Stiehler expressed great concern going forward. She fears more severe human rights abuses. She denounced America’s role, adding:
“I don’t think I’m speaking out of turn in saying that the US is well aware of the violations that are happening here in Honduras.”
“Despite the Leahy Law (and others prohibiting assistance to governments committing human rights abuses), the US continues to support and aid in increasing militarization in Honduras.”
“It is also not off to say that the US had (its dirty) hand in this election.”
“We believe that the only thing that will change US actions and narratives about this fraud and the massive human rights violations will be pressure, pressure, and more pressure from people like us.”
The National Lawyers Groups sent a 17-member delegation to Honduras. On November 25, they issued the following statement
“Honduras has a flawed electoral system with many deficiencies including control of the process by political parties, unregulated and undisclosed campaign financing, and inadequate resources, training and voting facilities that disadvantage poor communities.”
“In addition Honduran electoral law provides for no run-off election.”
“Without a runoff election in which a majority of voters choose leadership, the electoral aspirations of two-thirds of Honduran voters who voted for change, are frustrated, and the winner of a mere plurality is denied a real mandate.”
“Yesterday’s election in Honduras and subsequent statements by the US Ambassador characterizing the election as ‘transparent’ and accompanied by only few acts of violence are reminiscent of the 2009 election, where the US rushed to validate and help push forward a process as it was being contested by Honduran civil society.”
“There must be an opportunity to do a full and accurate count and fully investigate reports of irregularities and intimidation and threats by authorities.”
“Given the context of widespread opposition to the post-coup government and its violent repression of civil society, CCR urges the international community to do everything possible to ensure respect for and protection of Hondurans’ right to free expression, freedom of the press, and peaceful assembly in the coming days.”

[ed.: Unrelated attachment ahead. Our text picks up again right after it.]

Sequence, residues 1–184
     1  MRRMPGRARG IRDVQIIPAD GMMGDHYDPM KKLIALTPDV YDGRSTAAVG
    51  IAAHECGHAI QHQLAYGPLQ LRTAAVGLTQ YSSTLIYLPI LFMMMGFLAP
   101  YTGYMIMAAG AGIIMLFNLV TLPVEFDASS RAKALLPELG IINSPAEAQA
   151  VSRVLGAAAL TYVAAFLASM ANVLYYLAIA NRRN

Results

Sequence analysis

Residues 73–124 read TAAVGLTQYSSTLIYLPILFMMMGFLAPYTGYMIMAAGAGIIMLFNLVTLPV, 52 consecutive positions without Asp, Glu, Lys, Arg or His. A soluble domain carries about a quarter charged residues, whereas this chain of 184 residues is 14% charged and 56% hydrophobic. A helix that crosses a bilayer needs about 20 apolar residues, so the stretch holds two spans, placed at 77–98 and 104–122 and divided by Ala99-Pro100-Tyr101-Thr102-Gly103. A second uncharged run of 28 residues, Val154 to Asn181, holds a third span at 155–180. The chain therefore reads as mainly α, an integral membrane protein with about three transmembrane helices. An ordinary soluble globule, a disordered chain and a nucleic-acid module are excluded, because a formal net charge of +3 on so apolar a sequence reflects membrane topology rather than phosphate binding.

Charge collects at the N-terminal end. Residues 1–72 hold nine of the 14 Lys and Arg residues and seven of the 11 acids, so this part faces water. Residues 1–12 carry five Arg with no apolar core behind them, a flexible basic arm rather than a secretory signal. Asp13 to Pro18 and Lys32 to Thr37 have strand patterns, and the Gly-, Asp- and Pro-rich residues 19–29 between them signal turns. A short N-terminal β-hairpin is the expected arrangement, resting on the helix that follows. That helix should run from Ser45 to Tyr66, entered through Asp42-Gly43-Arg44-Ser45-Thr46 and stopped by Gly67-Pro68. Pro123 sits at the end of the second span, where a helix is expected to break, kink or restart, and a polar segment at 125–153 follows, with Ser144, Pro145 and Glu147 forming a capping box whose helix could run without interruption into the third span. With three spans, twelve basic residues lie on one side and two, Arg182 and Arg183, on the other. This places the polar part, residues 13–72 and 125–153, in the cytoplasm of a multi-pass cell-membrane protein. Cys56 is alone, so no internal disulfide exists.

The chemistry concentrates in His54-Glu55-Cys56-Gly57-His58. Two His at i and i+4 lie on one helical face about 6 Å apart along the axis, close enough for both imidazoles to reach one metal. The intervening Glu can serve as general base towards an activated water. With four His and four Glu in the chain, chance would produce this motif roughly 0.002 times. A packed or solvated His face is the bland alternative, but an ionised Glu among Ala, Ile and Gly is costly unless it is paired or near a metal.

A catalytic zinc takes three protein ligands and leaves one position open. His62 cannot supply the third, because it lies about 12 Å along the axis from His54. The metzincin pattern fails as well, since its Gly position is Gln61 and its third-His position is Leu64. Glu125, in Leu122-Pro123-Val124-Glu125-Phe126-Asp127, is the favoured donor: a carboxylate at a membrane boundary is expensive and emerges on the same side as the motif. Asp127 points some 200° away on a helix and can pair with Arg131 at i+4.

Days before Sunday’s election, Honduran Solidarity Network (HSN) and Alliance for Global Justice (AGJ) delegates were temporarily blocked from visiting a group of campesinos. They’re victims of state-sponsored terrorism.
HSN and AGJ delegates were warned to go back. They were threatened. They were told they would “never leave” the area otherwise.
They ignored the threats. They pushed on by foot. They did so “nervously.” They spent the night. They survived OK. They were lucky.
Honduran immigration agents targeted their Progreso delegations. They were harassed and threatened. They had to cancel planned training exercises. They could have been arrested or worse.
German, Salvadoran, Brazilian and other observers were treated the same way. Police states operate this way.
HSN added the following:
“The aforementioned observations made by HSN delegates were made in good faith by people who voluntarily served as witnesses to the entire electoral process.”
“Given the extensive list of threats and violence before and during the election, and given the hourly revelations of discrepancies in the data on the vote tallies (Acts), and considering the fact that 20% of the votes are held by the TSE (Supreme Electoral Tribunal), the Honduras Solidarity Network cannot and will not in good conscience join in the rubber stamp endorsement of the results as they have been announced by the TSE.”
“We continue to stand with the Honduran people in defense of their human rights and of their struggle to build a Honduras that provides a better life for everyone.”
His new book is titled “Banker Occupation: Waging Financial War on Humanity.”